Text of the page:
In Unusual Move, U.S. Summons Visiting Afghan NSA Mohib

(Last Updated On: March 15, 2019)

In an unusual move, the United States summoned Afghan National Security Advisor Hamdullah Mohib hours after he blasted Special U.S. Representative Zalmay Khalilzad for bypassing the elected Afghan government in their direct peace talks with the Taliban.
“Under Secretary for Political Affairs David Hale summoned Afghan National Security Advisor Hamdullah Mohib today to reject the public comments attributed to National Security Advisor Mohib criticizing the US approach to reconciliation,” State Department deputy spokesman Robert Palladino said after the meeting the between the two officials.
Mohib leveled a fierce attack on U.S. Special Representative Zalmay Khalilzad’s conduct of the talks at the Hudson Institute on Wednesday in Washington DC, accusing the Afghan-born veteran U.S. diplomat of a lack of transparency.

He said that Khalilzad is keeping the “duly elected” Afghan government in dark and that in the latest round of talks in Doha, they were humiliated and made to wait in a hotel lobby.

“We don’t know what’s going on. We don’t have the kind of transparency that we should have,” Mohib told reporters at a news conference on Thursday.

He said the Afghan government was getting the information in bits and pieces.

“The last people to find out (about the peace talks) are us,” Mohib added.

He alleged that Khalilzad has personal ambition in Afghanistan.
“Knowing Ambassador Khalilzad’s history, his own personal history, he has ambitions in Afghanistan. He was wanting to run for president twice,” said Mohib. “The perception in Afghanistan and people in government think that perhaps, perhaps all this talk is to create a caretaker government of which he will then become the viceroy.”
“We think either Zal, Ambassador Khalilzad, doesn’t know how to negotiate (or) there may be other reasons behind what he’s doing,” Mohib said.
“The reason he is delegitimizing the Afghan government and weakening it, and at the same time elevating the Taliban can only have one approach. It’s definitely not for peace,” he said.
But Palladino said Under Secretary Hale in his meeting with the Afghan NSA “underscored” the “longstanding” U.S. assistance and support to Afghanistan.
Hale expressed U.S.’s commitment to the Afghan government’s stability and full participation in the peace process, the State Department deputy spokesman said.
“He also reminded National Security Advisor Mohib that Special Representative Khalilzad represents the Secretary and that attacks on Ambassador Khalilzad are attacks on the Department and only serve to hinder the bilateral relationship and the peace process,” Palladino said in a statement.
It is unusual that a visiting NSA is summoned by the U.S. State Department in this manner.

Palladino also said that the U.S. was displeased with Mohib’s comments.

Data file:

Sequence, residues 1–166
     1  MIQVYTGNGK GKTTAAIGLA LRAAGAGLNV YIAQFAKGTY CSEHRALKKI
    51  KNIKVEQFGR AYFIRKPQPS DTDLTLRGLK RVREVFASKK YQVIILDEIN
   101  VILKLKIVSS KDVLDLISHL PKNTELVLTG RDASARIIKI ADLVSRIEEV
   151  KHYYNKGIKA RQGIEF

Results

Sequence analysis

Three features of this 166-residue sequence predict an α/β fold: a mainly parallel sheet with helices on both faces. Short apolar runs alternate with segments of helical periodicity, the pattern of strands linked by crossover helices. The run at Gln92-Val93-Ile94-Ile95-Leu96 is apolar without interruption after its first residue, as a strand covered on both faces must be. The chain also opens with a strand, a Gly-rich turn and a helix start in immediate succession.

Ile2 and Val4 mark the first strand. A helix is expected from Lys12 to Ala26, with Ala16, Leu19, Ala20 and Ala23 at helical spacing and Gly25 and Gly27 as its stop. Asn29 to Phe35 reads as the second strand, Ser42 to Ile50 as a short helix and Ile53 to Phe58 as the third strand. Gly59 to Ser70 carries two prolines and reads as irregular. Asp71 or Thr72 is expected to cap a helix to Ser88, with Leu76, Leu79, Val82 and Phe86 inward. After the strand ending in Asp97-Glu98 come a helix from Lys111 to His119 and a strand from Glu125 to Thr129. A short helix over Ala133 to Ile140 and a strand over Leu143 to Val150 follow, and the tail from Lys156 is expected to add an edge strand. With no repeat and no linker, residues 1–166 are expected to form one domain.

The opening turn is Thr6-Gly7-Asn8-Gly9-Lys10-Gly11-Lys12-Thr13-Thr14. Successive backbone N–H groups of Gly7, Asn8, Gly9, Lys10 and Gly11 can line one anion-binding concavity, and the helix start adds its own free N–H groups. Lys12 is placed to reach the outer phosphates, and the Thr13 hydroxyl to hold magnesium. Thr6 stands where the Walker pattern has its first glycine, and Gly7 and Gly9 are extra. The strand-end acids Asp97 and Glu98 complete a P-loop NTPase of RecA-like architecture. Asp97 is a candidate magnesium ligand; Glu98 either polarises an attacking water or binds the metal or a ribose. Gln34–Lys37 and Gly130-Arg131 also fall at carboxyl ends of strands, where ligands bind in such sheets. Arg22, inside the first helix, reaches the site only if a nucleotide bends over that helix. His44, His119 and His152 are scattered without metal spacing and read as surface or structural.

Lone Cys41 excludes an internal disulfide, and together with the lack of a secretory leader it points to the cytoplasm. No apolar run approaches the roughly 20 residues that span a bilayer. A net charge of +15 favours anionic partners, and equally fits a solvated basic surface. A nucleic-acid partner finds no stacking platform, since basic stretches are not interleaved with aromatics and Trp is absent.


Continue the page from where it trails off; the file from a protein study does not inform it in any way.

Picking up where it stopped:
Also expressing his displeasure was U.S. National Security Advisor John Bolton, who reportedly refused to meet Mohib.

Husain Haqqani, a former Pakistani ambassador to the U.S., who is now at the Hudson Institute think-tank, criticized the State Department for such a treatment to Mohib.

“Such arrogance! Not expected of U.S. diplomats. More suited to the erstwhile Soviet Union or China,” Haqqani tweeted.  “Support for Afghan peace could have been asserted without such language.” 

Mohib said while the democratically elected Afghan government has been kept out of the peace talks, Islamabad was well aware of the developments happening at the talks in Doha.

“The patron (Pakistan foreign minister) tweets and says there was progress in Doha. Were they there? What is the relationship of the Taliban with Pakistan? I have to say it, spell it out,” he said.

“What is the relationship (between the Taliban and Pakistan)? Has anybody asked and what does it mean? What will be the end of that relationship? Will peace in Afghanistan mean Pakistan no longer using proxies for their political objectives and terrorists. Will the UN raise that question of what the policy or non-state actors?” asked Mohib.

“There will be no peace unless Pakistan stops supporting “non-state actors”, Mohib said. 

“Imagine these discussions were successful. What would be Pakistan’s objective? What would it be for the Pakistani military? What would be the incentives for them? The incentive for them is they’ve just defeated the United States [and] all of its coalition partners,” he said.

“It (Pakistan) has the incentive to continue to sponsor and support its policy of Islamic extremist. That is the best weapon they have, and they will continue to use it at the cost of all Muslims,” Mohib said. “If we don’t hold Pakistan responsible for the use of their non-state actors and terrorists here, you will not be able to hold them back anywhere else.” 

It comes as the fifth round of U.S.-Taliban talks which lasted 16 days, ended on Monday in Doha, Qatar. The sides reported progress, but no final deal on withdrawal of U.S.-led international forces and arrangements that the Taliban ensures militants would not use Afghanistan to stage attacks against the U.S. and its allies.

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